Joshua Tree National Park has instituted a program to encourage independent field research by graduate students enrolled in accredited institutions. The program benefits the student researcher by providing an opportunity to demonstrate how their research can apply to land management issues. In addition, it provides park staff with a better understanding of the resources at Joshua Tree National Park. Thanks to The Lee Family Foundation, grants of up to $4,000 are available to assist students with expenses.
Applying for a Robert Lee Graduate Student Research Grant
The process for applying for a research grant involves several steps. Missing a step could reduce your chances of being selected or even disqualify your application.
- Review the selection criteria.
- Familiarize yourself with the resources of Joshua Tree National Park.
- Complete the application.
- Attach your curriculum vita, references cited, and all tables or figures referenced within the proposal to the end of the application.
- Save the entire document as one PDF file.
- Email the application to Josh Hoines (email@example.com) by May 2, 2013.
- A letter of confidence from your faculty advisor is required to complete your application. This letter must demonstrate an understanding of the research proposal and will serve as a professional reference. The letter must be on institution letterhead, received by May 2, 2013 and must be sent directly from the faculty member to the following address:
Joshua Tree National Park
Robert Lee Graduate Student Research Grant
RE: "Applicant Name"
74485 National Park Drive
Twentynine Palms, CA 92277
When your application is complete you will receive a confirmation email. Complete applications will be reviewed and ranked by a selection committee. Awards will be announced by June 7, 2013.
Grant recipients will need to obtain a permit from the National Park Service before beginning their research projects. Please remember that the permitting process takes a minimum of 30 days.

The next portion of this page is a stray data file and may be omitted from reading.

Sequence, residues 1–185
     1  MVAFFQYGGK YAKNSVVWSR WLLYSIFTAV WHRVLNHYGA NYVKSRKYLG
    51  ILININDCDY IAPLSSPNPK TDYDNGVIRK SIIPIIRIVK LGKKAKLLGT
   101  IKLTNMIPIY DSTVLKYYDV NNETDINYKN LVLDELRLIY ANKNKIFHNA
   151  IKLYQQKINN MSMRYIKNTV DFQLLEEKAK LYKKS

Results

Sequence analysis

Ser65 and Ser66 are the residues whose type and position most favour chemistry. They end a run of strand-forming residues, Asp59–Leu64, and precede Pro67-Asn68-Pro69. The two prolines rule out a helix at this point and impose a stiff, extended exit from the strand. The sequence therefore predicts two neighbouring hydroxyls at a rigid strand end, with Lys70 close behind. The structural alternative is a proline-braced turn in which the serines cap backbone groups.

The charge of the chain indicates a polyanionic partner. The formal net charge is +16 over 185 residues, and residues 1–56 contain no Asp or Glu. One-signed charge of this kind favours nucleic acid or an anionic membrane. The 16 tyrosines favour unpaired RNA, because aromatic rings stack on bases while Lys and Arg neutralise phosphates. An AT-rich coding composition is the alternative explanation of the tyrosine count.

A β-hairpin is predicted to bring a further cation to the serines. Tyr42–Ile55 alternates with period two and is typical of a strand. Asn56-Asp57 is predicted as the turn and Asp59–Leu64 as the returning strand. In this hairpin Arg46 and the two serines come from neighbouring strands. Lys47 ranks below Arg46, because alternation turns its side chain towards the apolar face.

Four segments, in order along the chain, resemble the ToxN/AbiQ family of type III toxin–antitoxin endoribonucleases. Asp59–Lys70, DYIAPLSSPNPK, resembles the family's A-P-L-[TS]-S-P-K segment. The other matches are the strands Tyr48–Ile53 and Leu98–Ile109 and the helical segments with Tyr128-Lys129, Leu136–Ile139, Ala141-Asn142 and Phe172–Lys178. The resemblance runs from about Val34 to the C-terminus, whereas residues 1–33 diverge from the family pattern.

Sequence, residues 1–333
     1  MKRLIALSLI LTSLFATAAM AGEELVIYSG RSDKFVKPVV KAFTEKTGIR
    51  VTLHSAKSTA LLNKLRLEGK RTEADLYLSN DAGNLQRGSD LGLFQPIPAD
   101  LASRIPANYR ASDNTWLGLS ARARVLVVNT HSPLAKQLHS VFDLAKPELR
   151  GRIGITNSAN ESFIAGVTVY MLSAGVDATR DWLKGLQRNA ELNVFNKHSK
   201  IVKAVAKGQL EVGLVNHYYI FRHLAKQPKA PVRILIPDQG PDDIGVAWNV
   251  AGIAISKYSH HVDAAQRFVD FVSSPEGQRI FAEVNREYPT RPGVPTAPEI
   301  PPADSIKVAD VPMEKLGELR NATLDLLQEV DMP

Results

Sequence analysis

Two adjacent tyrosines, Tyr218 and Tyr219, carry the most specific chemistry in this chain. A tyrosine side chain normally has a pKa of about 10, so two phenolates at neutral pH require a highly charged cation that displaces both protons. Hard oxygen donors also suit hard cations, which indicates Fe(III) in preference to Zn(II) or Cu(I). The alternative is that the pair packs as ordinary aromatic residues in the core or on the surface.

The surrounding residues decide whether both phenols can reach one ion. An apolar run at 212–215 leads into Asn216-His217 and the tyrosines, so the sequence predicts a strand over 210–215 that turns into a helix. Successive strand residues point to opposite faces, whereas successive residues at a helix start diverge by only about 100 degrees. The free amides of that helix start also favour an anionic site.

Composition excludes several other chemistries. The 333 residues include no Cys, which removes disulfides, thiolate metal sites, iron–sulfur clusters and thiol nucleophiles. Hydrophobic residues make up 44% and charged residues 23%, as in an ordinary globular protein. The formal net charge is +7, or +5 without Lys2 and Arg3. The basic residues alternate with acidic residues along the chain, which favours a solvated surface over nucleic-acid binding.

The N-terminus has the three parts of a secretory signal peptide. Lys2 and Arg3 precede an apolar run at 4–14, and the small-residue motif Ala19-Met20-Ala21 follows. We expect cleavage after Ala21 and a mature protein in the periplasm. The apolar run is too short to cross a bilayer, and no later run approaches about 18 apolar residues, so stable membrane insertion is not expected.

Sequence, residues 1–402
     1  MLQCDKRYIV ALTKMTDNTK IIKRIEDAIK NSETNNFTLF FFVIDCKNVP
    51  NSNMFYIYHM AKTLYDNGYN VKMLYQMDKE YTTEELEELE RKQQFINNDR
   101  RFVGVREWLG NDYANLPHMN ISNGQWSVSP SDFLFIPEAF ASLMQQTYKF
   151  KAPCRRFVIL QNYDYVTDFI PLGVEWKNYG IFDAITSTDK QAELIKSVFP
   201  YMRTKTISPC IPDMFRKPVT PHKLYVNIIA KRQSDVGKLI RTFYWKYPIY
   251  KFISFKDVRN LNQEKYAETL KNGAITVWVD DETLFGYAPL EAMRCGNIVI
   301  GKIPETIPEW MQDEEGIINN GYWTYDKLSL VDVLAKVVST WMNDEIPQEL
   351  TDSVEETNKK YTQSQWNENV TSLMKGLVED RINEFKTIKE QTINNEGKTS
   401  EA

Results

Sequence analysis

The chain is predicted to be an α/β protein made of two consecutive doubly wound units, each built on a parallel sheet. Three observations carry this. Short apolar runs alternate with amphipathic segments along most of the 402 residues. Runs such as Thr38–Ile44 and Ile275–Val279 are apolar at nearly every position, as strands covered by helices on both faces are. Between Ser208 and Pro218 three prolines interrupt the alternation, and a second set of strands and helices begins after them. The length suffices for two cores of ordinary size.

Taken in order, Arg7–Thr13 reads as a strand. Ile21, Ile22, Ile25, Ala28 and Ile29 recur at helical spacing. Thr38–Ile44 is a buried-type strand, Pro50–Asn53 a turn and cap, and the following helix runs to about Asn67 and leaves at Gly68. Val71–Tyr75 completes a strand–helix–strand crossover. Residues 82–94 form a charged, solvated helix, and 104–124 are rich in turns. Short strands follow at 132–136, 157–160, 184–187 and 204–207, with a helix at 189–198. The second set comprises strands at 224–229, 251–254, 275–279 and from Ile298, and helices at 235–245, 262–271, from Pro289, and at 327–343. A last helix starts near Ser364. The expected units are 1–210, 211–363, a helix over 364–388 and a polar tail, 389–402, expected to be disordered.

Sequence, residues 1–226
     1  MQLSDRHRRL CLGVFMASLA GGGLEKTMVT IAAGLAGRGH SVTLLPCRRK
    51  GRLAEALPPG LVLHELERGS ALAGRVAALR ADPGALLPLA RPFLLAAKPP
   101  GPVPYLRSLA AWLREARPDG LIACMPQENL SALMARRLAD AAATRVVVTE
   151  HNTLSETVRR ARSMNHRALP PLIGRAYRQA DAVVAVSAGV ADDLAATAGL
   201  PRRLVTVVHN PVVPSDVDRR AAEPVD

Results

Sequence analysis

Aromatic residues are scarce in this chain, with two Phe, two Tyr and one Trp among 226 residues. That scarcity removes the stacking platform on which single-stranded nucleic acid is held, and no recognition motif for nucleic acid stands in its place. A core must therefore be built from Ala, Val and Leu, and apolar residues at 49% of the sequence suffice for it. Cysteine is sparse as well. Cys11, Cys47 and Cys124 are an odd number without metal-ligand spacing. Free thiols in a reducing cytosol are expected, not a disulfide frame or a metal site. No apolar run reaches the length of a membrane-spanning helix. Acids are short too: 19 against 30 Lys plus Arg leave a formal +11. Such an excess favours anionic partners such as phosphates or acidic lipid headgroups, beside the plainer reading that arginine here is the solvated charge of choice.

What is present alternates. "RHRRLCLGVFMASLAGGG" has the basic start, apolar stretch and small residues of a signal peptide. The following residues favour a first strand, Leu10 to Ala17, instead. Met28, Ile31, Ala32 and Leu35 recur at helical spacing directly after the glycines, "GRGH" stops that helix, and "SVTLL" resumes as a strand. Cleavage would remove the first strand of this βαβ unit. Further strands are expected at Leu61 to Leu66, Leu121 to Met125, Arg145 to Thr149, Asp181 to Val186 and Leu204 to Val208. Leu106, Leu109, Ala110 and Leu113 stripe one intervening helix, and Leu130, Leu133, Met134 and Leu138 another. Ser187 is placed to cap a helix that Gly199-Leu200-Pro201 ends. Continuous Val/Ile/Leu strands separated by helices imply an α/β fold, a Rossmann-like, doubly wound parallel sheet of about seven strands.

Research proposals should focus on some aspect of the natural or cultural resources of Joshua Tree National Park. Appropriate fields of study include, but are not limited to: botany, wildlife, desert ecology, archaeology, ethnography, paleontology, geology, soil science, museum science, resource management, and conservation.
Grant proposals will be ranked based on three categories: 1) scientific merit, problem definition, feasibility, and quality of presentation; 2) application to resource management; 3) application to education, and interpretive value and products. More...
Grants of up to $4,000 will be provided to assist students with field study expenses as well as data analysis, lodging, transportation, field supplies, and research equipment. Funding may be requested for the following: necessary supplies and minor equipment; actual cost of food and travel to, from, and at the park; special logistical costs; computer support; access costs to special analytical equipment, etc. Non-allowable categories include: preparation of thesis copy, salaries and stipends, publication costs, purchase of classroom books, and purchase of computer equipment. Grants are awarded on an annual basis, therefore multiyear projects require resubmitting an application each year.
To be considered for a grant, students must submit a complete application and a letter of confidence from a primary faculty advisor by May 2, 2013. Materials should be saved in PDF format and emailed to Josh Hoines (firstname.lastname@example.org). Grant recipients will be announced by June 7, 2013.
Recipients will need to obtain a research permit through the National Park Service Research Permitting and Reporting System. Please plan on a minimum of 30 days for the permit request to process and plan to contact Joshua Tree's Research Permit Coordinator to coordinate your research efforts. The park may be able to assist researchers with logistics, though this would be on a case-by-case basis.
Grant Recipient Obligations
This award program is designed to promote the transfer of scientific knowledge to National Park Service managers and to the public. Requirements for the grant include: 1) submitting a written report to park staff; 2) submitting content for a webpage that details the project, materials and methods, and conclusions; and 3) presenting your work at a suitable public forum, ideally in a locally available setting such as the Desert Institute's lecture series. Recipients should complete all requirements within two years of receiving the grant.